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    ABSTRACT: Pulmonary arterial hypertension (PAH) is a rare disorder characterized by progressive obliteration of the pulmonary microvasculature, resulting in elevated pulmonary vascular resistance and premature death. According to the current classification, PAH can be associated with exposure to certain drugs or toxins, particularly appetite suppressant drugs, such as aminorex, fenfluramine derivatives and benfluorex. These drugs have been confirmed to be risk factors for PAH and were withdrawn from the market. The supposed mechanism is an increase in serotonin levels, which was demonstrated to act as a growth factor for the pulmonary arterial smooth muscle cells. Amphetamines, phentermine and mazindol were less frequently used but are also considered as possible risk factors for PAH. Dasatinib, a dual Src/Abl kinase inhibitor, used in the treatment of chronic myelogenous leukaemia was associated with cases of severe PAH, in part reversible after its withdrawal. Recently several studies raised the potential endothelial dysfunction that could be induced by interferon, and few cases of PAH have been reported with interferon therapy. Other possible risk factors for PAH include: nasal decongestants, like phenylpropanolamine, dietary supplement - l-Tryptophan, selective serotonin reuptake inhibitors, pergolide and other drugs that could act on 5HT2B receptors. Interestingly, PAH remains a rare complication of these drugs, suggesting possible individual susceptibility and further studies are needed to identify patients at risk of drugs induced PAH.
    Full-text · Article · Aug 2013 · La Presse Médicale
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    • "Consistent with the data we present here, clinical studies have demonstrated a female gender bias towards Dfen-induced PAH in humans. In one study, a much larger proportion (40.9%) of female primary pulmonary hypertensive patients had used anorexigenic drugs than male primary pulmonary hypertensive patients (10.3%).16 In addition, in different patient populations, the ratio of women to men with anorexigenic-induced PAH has been reported to be 8:1, 30:1, and 34:1.38–40 "
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    ABSTRACT: Aims Pulmonary arterial hypertension (PAH) occurs more frequently in women than men. Oestrogen and the oestrogen-metabolising enzyme cytochrome P450 1B1 (CYP1B1) play a role in the development of PAH. Anorectic drugs such as dexfenfluramine (Dfen) have been associated with the development of PAH. Dfen mediates PAH via a serotonergic mechanism and we have shown serotonin to up-regulate expression of CYP1B1 in human pulmonary artery smooth muscle cells (PASMCs). Thus here we assess the role of CYP1B1 in the development of Dfen-induced PAH. Methods and results Dfen (5 mg kg−1 day−1 PO for 28 days) increased right ventricular pressure and pulmonary vascular remodelling in female mice only. Mice dosed with Dfen showed increased whole lung expression of CYP1B1 and Dfen-induced PAH was ablated in CYP1B1−/− mice. In line with this, Dfen up-regulated expression of CYP1B1 in PASMCs from PAH patients (PAH-PASMCs) and Dfen-mediated proliferation of PAH-PASMCs was ablated by pharmacological inhibition of CYP1B1. Dfen increased expression of tryptophan hydroxylase 1 (Tph1; the rate-limiting enzyme in the synthesis of serotonin) in PAH-PASMCs and both Dfen-induced proliferation and Dfen-induced up-regulation of CYP1B1 were ablated by inhibition of Tph1. 17β-Oestradiol increased expression of both Tph1 and CYP1B1 in PAH-PASMCs, and Dfen and 17β-oestradiol had synergistic effects on proliferation of PAH-PASMCs. Finally, ovariectomy protected against Dfen-induced PAH in female mice. Conclusion CYP1B1 is critical in the development of Dfen-induced PAH in mice in vivo and proliferation of PAH-PASMCs in vitro. CYP1B1 may provide a novel therapeutic target for PAH.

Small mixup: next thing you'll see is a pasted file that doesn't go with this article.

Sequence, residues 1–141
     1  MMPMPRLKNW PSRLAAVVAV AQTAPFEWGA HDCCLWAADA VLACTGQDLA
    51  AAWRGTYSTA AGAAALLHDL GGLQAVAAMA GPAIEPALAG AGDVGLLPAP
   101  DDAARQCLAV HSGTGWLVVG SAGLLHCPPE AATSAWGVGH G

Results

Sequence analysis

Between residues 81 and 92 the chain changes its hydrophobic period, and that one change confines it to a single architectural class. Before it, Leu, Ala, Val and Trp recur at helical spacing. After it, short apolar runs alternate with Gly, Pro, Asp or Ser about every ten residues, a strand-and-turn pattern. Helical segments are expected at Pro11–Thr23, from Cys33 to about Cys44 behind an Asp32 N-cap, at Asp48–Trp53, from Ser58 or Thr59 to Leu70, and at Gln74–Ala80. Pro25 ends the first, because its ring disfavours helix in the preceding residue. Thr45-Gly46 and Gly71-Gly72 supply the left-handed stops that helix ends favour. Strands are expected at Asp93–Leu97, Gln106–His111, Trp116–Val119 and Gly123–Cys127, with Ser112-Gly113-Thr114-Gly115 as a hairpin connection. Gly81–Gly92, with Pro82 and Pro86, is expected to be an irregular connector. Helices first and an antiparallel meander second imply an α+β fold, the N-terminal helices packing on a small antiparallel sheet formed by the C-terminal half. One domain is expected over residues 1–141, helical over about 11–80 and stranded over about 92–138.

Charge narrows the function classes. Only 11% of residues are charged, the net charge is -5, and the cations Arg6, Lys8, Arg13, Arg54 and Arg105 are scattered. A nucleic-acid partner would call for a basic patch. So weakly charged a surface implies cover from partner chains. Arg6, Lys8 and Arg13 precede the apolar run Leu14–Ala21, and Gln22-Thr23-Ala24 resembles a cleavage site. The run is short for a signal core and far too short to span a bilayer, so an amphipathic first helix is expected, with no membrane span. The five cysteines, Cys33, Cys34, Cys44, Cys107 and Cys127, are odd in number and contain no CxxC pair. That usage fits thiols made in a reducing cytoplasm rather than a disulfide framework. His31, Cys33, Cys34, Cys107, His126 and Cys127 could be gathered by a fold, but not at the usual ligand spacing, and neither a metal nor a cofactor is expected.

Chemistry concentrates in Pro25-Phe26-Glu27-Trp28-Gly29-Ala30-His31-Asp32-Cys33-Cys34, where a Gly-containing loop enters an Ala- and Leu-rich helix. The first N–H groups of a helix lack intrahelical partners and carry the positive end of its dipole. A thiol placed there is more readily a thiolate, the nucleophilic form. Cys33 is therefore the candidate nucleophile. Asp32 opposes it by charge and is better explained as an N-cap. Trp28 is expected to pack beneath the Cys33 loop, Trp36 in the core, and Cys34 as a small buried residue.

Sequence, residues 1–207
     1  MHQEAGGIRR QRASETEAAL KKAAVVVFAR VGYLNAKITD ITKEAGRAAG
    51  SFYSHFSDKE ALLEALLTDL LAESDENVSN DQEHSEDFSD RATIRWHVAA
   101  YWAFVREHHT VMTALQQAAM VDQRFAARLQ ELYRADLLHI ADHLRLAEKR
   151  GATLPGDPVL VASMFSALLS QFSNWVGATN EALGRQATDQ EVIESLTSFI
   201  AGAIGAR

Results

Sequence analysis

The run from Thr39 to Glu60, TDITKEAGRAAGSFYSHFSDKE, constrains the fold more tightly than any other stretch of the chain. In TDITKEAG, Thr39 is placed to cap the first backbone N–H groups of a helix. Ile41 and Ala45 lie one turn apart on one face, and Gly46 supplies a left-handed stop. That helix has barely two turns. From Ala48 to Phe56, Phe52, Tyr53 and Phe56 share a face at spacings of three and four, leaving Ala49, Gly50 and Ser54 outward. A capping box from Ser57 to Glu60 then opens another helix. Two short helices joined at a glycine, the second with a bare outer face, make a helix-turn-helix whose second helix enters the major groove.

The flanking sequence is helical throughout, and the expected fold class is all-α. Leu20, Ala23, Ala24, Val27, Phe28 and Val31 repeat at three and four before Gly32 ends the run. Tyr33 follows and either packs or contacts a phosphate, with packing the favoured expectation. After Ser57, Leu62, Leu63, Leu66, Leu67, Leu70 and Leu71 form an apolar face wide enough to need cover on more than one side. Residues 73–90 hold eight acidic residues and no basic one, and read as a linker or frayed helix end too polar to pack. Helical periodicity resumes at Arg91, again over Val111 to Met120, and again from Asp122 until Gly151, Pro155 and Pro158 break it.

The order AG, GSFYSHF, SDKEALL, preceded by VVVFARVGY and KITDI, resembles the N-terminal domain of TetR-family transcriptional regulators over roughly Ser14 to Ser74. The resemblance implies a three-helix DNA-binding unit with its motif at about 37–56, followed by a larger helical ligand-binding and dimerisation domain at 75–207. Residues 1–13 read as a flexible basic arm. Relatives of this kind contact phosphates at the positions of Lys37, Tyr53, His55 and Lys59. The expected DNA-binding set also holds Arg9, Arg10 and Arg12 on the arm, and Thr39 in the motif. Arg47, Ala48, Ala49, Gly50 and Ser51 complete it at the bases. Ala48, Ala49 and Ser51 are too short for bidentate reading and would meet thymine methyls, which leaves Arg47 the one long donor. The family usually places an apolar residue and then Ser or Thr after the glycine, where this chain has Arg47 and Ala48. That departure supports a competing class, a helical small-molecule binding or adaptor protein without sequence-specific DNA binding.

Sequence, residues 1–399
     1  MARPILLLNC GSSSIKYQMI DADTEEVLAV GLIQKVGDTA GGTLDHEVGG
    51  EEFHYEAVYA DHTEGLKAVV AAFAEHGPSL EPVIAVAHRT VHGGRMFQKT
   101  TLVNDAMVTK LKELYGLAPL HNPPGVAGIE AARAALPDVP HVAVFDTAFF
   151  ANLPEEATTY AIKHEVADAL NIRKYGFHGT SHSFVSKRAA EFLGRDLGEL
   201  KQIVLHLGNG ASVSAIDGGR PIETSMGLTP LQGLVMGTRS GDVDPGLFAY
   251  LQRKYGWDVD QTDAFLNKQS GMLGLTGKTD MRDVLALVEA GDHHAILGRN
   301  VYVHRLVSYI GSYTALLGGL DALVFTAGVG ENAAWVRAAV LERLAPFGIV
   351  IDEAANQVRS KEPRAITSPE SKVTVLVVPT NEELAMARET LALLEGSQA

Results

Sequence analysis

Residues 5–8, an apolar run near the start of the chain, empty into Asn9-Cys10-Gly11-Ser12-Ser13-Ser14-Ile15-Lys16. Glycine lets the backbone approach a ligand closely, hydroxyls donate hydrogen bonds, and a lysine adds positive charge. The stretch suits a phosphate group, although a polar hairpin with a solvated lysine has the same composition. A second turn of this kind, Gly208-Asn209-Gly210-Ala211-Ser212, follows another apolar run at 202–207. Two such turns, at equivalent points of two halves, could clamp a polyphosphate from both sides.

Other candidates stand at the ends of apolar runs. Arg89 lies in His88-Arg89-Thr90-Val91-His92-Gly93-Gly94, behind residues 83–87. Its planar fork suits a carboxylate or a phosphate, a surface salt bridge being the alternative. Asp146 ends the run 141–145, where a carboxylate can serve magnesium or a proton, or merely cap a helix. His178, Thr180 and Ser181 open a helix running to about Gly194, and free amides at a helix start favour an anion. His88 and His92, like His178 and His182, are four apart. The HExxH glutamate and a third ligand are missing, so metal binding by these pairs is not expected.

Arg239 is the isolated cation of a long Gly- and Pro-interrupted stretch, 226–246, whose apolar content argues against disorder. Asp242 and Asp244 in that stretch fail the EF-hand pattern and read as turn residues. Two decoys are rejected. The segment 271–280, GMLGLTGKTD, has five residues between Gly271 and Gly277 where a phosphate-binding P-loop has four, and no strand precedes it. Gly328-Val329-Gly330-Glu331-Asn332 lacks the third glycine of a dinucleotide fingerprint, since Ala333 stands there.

Full-text · Article · Mar 2013 · Cardiovascular Research